Scottish Treasures and a Yacht Fit for Royalty

When I was a child growing up in West Hartford, my favorite pastime was to go to the Children's Museum of Hartford where they had natural history displays and dioramas showing the life of Native Americans from the area. I always thought it was quite wonderful, but the National Museum of Scotland blows it away.

We started our visit with a one hour highlight's tour. We learned that the grand entrance which we passed on the way in has now been replaced with a new entrance to meet 21st century standards, but just a quick escalator ride up to the second floor brings you into the grand Victorian atrium. Our pleasant guide asked if it reminded us of anything. Quickly I piped up and said, "Yes. Kilmainham Gaol in Dublin." Her smile quickly turned into a shocked look until I explained that the jail had been designed as an atrium just like this one with a glass ceiling for light therapy.

The museum has many galleries ranging from natural history and world cultures to discoveries, collections from sea captains, and the history of life in Scotland in a building resembling a castle.

Unlike most museums, each gallery extends up vertically so that you have to visit all three levels to see it. Technology enhances each exhibit. One surprising fact I learned is that the famous environmentalist John Muir is from Scotland. There's a small exhibit honoring him. On the roof is a 360 degree view of Edinburgh and a small garden with plants from all the natural habitats in Scotland.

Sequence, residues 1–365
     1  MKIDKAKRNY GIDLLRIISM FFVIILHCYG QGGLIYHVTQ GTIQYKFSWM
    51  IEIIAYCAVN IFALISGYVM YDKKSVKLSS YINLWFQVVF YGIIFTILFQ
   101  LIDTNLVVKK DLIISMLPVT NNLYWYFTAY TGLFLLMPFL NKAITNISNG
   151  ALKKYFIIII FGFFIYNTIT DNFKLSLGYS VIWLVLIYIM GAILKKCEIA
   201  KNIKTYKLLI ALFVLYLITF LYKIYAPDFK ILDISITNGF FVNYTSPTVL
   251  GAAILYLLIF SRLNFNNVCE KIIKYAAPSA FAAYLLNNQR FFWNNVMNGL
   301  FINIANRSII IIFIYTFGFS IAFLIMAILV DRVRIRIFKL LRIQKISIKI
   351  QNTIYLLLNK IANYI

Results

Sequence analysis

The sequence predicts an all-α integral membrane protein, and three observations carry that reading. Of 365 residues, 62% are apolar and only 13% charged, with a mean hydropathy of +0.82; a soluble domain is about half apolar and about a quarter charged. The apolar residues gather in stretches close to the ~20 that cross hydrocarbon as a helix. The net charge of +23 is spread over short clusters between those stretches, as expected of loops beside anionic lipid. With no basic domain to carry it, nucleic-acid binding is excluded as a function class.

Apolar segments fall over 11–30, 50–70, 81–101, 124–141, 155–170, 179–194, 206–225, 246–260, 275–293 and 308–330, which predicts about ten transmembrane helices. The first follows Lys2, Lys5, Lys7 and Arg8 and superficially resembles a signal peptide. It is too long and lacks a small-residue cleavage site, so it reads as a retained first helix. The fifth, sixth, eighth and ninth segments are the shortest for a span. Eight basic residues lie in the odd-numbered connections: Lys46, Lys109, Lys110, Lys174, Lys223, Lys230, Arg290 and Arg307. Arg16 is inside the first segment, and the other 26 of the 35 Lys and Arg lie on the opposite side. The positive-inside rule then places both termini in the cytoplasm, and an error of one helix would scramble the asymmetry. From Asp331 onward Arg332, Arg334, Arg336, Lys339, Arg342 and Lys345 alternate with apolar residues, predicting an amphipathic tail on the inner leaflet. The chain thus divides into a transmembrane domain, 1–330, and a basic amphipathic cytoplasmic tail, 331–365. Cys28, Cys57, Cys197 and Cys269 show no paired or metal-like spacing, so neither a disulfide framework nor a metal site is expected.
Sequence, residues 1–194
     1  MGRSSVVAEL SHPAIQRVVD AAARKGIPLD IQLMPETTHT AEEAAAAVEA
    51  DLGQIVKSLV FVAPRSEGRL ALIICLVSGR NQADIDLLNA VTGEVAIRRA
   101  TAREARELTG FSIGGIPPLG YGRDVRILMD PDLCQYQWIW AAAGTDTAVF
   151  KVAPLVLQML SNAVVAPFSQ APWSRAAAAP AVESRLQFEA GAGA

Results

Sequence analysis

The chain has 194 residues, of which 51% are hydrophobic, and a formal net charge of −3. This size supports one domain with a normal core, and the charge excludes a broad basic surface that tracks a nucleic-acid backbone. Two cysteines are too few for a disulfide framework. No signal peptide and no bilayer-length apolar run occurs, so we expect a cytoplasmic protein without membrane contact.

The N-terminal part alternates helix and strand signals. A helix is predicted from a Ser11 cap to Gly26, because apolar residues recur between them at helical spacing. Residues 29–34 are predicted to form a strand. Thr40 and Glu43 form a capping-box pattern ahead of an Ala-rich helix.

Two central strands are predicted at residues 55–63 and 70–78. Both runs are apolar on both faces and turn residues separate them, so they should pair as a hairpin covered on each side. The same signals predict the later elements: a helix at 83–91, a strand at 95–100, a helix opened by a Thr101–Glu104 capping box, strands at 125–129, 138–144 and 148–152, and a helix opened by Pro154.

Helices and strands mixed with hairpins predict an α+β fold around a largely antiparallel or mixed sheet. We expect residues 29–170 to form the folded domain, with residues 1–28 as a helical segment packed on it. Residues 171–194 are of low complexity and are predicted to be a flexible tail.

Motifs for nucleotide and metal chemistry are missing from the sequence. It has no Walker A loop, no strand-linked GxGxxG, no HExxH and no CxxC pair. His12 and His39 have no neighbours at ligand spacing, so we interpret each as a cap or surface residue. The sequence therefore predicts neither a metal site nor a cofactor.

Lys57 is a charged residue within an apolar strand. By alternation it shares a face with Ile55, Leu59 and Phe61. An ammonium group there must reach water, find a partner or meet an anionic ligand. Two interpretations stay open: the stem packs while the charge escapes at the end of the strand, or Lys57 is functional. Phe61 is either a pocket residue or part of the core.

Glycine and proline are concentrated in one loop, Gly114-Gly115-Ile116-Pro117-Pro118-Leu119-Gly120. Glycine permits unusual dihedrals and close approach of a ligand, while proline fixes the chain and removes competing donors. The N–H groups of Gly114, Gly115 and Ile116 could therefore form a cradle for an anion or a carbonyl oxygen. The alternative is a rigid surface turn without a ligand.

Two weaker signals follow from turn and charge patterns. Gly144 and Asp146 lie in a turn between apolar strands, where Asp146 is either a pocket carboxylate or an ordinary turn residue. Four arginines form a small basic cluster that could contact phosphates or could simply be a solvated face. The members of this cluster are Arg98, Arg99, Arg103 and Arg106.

We took a short bus ride to visit the Royal Yacht Britannia which was used by the Royal Family from 1953 to 1997. It has been in 600 ports in over 135 countries including Boston.

We were lucky to get a table by the window in the tearoom for lunch right on the ship. We noticed several people celebrating with champagne and learned you can even rent the ship for dinner functions although I imagine this would cost a fortune.

Following our audio guides, we saw most of the rooms on the ship including the honeymoon suite for Charles and Diana. Signed photographs of the Royal Family were hung everywhere. I thought the interior would be more ornate, but instead it was designed to look like a country home at sea. I loved roaming from room to room imagining what it would be like to spend time on it. I decided I would have liked it very much.

After our tour we headed back to our guesthouse on foot passing the statue of Bobby and a cute display of bears.

Having spent most of our daily budget on souvenirs and lunch on the ship, dinner tonight is a picnic here at the guesthouse. I look forward to enjoying it in their garden and we're so lucky. They say this summer has been the best weather in over 50 years!


CoachSparky said…
The National Museum of Scotland does look quite incredible and I can see the resemblance to the architecture of a jail. Since your guide was shocked by your answer, what was she looking for?

What a view from the top! Did you get any panoramic pictures? You sure did luck out on the Scottish weather!

The Royal Yacht Britannia looks incredible and looks quite cozy for such a large ship. Did they have any menus displayed of typical meals of the Royal Family?
Explorer Bear said…
They did have menus displayed, but we wouldn't like it -rabbit and venison!

About the museum, she was so caught up saying, "No one has ever said a jail!" That she never told us what she was looking for. Google the jail I said and you will see it's the same!

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